Skiing is a fun activity, but that fun can quickly wane if you don’t have the proper gear. A good pair of pants will not only keep you warm but also help you zip around in style. Choosing the right snow clothing is not always easy, but you immediately know when you find the perfect attire.
The three ski pants in this guide provide excellent warmth on top of a range of other features. Many skiers assume they just need pants to keep the snow off their legs, but, as the following options show, there is so much more that premium models can achieve.
- Don’t let the low price fool you, the Arctix Insulated Pants are some of the best women’s ski pants around. The apparel not only looks great, but it utilizes special ThermaTech insulation to keep you warm throughout your time in the snow. They also are able to stand up to the elements and, as an added bonus, they have extremely snug pockets to give your hands a rest on more frigid runs.
- Few brands make better outdoor gear than Columbia, and the Bugaboo Pants are yet another great product. These come complete with fully taped seams, zip-closed pockets, and great insulation that traps in heat. They are also incredibly durable. The nylon shell is able to stand up to the elements, no matter how much snow you encounter or how long you ride.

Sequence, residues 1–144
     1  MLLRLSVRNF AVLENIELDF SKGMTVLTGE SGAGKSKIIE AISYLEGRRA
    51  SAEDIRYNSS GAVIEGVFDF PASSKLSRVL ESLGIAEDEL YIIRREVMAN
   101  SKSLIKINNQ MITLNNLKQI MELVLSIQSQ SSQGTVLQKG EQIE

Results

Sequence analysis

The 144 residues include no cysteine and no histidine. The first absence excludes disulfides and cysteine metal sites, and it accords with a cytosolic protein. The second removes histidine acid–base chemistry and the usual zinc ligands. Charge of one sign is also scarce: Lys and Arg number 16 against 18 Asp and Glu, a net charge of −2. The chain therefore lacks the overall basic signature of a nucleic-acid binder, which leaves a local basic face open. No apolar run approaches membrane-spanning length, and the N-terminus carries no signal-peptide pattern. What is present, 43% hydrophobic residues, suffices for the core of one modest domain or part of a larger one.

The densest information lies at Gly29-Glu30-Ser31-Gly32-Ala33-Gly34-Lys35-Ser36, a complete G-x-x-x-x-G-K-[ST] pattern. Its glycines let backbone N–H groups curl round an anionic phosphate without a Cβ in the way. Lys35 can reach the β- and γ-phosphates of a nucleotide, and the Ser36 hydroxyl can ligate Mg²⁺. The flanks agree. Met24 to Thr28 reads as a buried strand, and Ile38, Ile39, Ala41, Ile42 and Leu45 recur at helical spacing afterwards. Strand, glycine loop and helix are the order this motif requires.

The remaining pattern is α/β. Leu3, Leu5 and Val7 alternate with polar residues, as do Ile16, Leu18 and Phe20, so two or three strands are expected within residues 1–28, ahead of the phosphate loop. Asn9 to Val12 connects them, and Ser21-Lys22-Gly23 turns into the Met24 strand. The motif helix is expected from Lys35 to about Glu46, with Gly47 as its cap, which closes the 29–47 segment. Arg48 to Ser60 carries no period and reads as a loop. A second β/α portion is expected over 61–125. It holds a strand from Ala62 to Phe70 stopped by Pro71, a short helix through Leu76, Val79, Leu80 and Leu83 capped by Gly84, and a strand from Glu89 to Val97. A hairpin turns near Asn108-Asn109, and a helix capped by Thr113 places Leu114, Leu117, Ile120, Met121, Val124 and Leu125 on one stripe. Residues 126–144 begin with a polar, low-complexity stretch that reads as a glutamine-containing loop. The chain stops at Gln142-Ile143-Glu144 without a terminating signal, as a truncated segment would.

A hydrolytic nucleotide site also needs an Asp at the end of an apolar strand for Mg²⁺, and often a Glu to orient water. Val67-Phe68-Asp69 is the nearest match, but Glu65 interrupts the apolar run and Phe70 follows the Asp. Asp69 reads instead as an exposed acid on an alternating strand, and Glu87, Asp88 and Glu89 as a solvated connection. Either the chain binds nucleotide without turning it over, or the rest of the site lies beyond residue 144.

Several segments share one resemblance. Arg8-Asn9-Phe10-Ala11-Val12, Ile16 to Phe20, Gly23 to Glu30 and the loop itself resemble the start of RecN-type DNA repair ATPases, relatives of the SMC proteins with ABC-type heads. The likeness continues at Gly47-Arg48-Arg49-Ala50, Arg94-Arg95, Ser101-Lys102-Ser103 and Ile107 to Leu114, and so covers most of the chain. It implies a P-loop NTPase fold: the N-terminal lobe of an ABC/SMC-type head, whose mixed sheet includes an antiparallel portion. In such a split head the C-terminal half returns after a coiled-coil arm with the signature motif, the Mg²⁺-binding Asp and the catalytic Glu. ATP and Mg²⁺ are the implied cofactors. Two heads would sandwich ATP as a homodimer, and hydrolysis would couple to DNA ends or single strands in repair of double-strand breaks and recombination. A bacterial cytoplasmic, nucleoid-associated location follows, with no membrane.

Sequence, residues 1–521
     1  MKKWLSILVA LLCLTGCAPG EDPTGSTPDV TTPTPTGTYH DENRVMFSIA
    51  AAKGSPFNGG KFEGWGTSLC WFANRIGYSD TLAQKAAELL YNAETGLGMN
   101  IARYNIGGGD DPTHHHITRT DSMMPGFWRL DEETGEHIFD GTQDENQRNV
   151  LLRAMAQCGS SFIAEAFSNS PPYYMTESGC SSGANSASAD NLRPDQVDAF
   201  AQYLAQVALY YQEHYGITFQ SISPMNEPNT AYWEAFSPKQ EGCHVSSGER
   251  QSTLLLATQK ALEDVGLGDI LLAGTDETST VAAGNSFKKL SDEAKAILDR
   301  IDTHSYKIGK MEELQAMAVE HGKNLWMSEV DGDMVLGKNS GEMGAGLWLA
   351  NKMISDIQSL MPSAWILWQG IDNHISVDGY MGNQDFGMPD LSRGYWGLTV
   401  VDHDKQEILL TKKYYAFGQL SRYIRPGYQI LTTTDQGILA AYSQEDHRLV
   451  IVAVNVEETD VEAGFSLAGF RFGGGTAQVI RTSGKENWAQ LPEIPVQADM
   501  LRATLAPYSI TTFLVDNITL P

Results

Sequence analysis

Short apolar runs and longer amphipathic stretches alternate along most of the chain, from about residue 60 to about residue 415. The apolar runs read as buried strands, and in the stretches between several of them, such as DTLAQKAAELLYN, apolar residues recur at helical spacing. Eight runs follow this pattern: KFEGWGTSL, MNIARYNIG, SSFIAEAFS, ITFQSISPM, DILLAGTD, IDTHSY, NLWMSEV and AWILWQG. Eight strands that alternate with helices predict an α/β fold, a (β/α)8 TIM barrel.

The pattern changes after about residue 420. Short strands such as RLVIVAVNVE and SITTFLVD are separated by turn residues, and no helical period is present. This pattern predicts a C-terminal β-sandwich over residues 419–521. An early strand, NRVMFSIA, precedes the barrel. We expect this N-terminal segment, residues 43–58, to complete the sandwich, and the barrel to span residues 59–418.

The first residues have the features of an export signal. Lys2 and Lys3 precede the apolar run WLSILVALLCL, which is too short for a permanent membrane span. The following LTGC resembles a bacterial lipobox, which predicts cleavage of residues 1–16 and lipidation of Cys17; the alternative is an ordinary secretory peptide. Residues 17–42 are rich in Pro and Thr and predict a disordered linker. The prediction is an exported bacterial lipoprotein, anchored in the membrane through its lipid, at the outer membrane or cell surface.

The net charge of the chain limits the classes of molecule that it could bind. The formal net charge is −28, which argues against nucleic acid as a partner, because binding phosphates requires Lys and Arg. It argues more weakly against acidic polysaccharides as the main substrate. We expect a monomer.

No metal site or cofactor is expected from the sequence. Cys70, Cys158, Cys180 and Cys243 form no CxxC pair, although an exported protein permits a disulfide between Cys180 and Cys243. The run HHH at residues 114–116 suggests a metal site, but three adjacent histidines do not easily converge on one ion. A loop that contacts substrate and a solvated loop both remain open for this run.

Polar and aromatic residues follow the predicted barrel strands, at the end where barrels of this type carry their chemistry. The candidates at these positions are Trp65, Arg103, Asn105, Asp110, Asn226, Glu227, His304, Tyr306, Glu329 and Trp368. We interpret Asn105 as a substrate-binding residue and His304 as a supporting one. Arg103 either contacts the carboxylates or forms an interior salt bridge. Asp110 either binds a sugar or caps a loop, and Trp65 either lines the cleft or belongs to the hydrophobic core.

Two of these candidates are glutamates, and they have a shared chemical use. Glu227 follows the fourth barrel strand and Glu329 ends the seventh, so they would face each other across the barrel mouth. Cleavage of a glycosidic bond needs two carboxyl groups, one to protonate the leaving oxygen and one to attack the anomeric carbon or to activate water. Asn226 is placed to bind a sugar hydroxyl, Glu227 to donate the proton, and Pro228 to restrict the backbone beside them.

- Though much newer to the ski scene than other top brands, Helly Hansen’s Legendary Pants are perfect for any woman on the slopes. The pants come with a unique 2 ply shell with a 2-way stretch for maximum flexibility and comfort. On top of that, they have articulated knees to keep your legs comfortable during a long day of skiing. The Durable Water Repellency treatment makes them water-resistant as well.
Who Should Get This?
Any female skier should invest in a good pair of pants. Staying warm on the slopes is key, especially for more hazardous or long runs. Being able to insulate your legs goes a long way, no matter how much experience you have, or where you like to ski.
Hardy women’s ski pants are great for any situation, but they are particularly useful for female skiers who spend a lot of time in the elements. The more exposure you have to the cold, the more you’ll need protective clothing. In that same vein, skiers who frequently brave harsh weather should look into sturdy options as well.
Best Ski Pants for Women: What to Consider?
Solid construction is a must-have for all women’s ski pants. Skiing is an extreme activity that exposes you to snow, ice, cold, and sleet. Flimsy pants cannot stand up to such conditions. Rather, you need to get a pair that protects your legs on two different levels. You want quality materials that will actively repel water and snow, but you also need something that is able to last a long time.
At the end of the day, your pants must be comfortable. That not only means they need to keep you warm in all conditions, but they also need to fit well. Plush lining is incredibly important, as is good insulation. Hand warming pockets also help you fight the frost. However, make sure the pants sit well on your body too. There is nothing worse than getting a pair that is too loose or too tight.